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Tuesday, May 26, 2009

The Art of Macarons

Before March 8 of this year I had never tasted a macaron.  I actually had to research the difference between the French macaron and the very different American macaroon.   Back at Christmas I made macaroons for the first time but found that they were too heavy and coconutty for my taste. Maybe that is one reason why I find myself drawn to French macarons.  They are by far the superior cookie.  Made from almond flour, egg whites, and sugar it has a crispy meringue shell and chewy center.   In between the two halves of meringue is usually a filling of some sort of fruit jam, chocolate ganache, or buttercream.  

Meringue + raspberry jam?   Meringue + chocolate?  Meringue + buttercream?  How lovely is that?

Plus when you see them...the colors!!! 
Having only made the raspberry ones, I can't wait to make them all at once and arrange them in some lovely arrangement.  Raspberry, Orange, Lemon, Key Lime, Blueberry, Lavender...that nearly covers my ROY G. BIV order.  I've been trying to research different recipes and techniques  and from what I have read I'm really impressed with how my last batch turned out based on what the horror stories I have read about macaron first timers.  Some have devoted their entire careers to perfecting the macaron.  Entire batches are thrown out if it is too humid and the cookies do not set right.  

The mecca of macarons is Paris of course and a certain store named Lauderée.  

It was originally founded in 1862 by Louis Ernest Lauderée on the Rue Royal where it still exists today.  His grandon Pierre Desfontaine is credited with inventing the modern macaron in 1931.  Over 15,000 macarons are sold here each day with visitors waiting up to 30 minutes in line.   

I've never seen a macaron sold anywhere in my life.  

So maybe one day I'll get to experience a true French macaron but for now it looks like I'm going to have to keep experimenting on my own.

My Rasberry Chocolate Macarons

Lauderée Rasberry Macarons

Minus the rose petal, fancy label, and whole raspberry center they don't look tooooo far off!!!

Sunday, May 17, 2009

Marshmallow Fondant

What really is the point of having a lovely cake if it tastes horrible?

Last summer I took a fondant course but have only made one cake with fondant since then.   Most fondant makes people gag.  Really, it's bad-especially the pre-made versions.  Having experienced bad fondant before when I took my class I made my own marshmallow fondant and took pity on everyone else with their cute but horrible tasting cakes.  Sure, you can have buttercream underneath the fondant so cake eaters can just peal the fondant off and still have the frosting but what a waste of time.  There are a few other DIY fondant recipes I've been wanting to try out (especially the buttercream fondant) but haven't gotten around to yet.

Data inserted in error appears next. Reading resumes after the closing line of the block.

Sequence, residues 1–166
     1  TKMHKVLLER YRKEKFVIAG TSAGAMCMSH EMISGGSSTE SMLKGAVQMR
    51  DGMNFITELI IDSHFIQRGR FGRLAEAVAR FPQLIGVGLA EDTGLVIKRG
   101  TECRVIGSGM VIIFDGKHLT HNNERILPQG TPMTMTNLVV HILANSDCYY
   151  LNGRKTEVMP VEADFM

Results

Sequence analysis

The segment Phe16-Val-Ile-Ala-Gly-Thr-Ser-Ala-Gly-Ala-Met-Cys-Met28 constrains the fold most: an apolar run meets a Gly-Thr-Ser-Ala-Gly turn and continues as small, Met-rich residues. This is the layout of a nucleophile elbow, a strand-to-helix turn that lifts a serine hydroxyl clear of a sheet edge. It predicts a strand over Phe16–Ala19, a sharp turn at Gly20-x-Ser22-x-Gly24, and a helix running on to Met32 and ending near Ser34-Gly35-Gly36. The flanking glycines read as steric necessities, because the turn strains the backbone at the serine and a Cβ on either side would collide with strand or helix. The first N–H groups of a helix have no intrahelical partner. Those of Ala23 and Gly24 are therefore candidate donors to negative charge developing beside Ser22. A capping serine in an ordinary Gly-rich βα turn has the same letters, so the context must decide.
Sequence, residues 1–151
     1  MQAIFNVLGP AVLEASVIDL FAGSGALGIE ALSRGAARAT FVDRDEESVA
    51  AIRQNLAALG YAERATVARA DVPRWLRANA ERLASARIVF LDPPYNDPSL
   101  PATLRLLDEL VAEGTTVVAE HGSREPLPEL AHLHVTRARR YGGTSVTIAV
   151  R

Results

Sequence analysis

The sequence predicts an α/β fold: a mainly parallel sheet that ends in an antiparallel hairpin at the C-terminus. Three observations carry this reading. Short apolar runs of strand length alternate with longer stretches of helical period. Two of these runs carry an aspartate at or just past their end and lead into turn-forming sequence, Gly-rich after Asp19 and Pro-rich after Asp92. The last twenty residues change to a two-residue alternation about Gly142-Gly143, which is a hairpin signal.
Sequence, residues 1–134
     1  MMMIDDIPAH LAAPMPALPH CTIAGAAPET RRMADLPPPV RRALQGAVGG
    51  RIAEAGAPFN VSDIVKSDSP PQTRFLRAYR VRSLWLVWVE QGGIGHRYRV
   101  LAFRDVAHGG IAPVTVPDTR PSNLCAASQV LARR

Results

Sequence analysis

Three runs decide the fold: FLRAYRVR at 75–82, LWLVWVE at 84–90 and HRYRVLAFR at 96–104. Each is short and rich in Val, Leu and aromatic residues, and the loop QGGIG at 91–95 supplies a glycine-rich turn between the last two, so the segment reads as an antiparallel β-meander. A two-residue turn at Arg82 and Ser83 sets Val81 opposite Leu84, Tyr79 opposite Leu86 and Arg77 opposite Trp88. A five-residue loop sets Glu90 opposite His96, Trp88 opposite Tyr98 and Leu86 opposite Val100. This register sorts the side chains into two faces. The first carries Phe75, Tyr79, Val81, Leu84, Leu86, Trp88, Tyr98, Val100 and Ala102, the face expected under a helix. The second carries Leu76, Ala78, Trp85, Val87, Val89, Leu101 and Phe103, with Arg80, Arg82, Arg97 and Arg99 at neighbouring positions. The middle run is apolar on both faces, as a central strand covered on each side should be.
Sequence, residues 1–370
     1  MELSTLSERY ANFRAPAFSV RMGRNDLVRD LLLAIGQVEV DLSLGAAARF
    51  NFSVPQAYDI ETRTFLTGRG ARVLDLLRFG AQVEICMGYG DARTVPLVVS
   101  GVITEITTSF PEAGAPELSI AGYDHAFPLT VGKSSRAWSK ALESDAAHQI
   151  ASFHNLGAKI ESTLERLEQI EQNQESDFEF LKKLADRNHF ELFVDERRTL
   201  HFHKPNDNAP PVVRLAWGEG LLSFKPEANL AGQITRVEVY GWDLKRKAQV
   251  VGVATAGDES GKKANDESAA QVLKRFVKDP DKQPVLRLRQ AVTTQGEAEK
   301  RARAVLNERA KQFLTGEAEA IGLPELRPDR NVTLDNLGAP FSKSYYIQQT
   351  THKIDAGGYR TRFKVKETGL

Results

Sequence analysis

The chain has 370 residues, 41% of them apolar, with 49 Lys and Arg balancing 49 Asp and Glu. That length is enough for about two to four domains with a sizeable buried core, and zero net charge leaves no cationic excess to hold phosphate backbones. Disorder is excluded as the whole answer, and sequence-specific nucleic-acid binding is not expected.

Making fondant seems like somewhat of a daunting task but having done it several times now it gets easier and easier.  It's very sticky, but once you get over the mess of that it's not so intimidating.

I used a recipe found on Cake Central.  The steps are helpful but slightly misleading.  Don't use all of sugar!  It takes more like 1 and 1/2 lbs.  Just add it until it's thick enough basically.  

So for this cake for no occasion I wanted it to be white on white and had this cake for inspiration that I saw a few days ago.  I used some left over chocolate ganache from the cupcakes I made on Thursday for the filling along with vanilla buttercream.  I'm planning on taking it to work tomorrow so that we can have some sort of reward for making it through the first day of EOG testing.    Marshmallow, buttercream, chocolate ganache????   Usually once I get done with a cake project I'm kinda over it but I really can't wait to try this combination.   I have to wait to show it off before I can cut it though!!!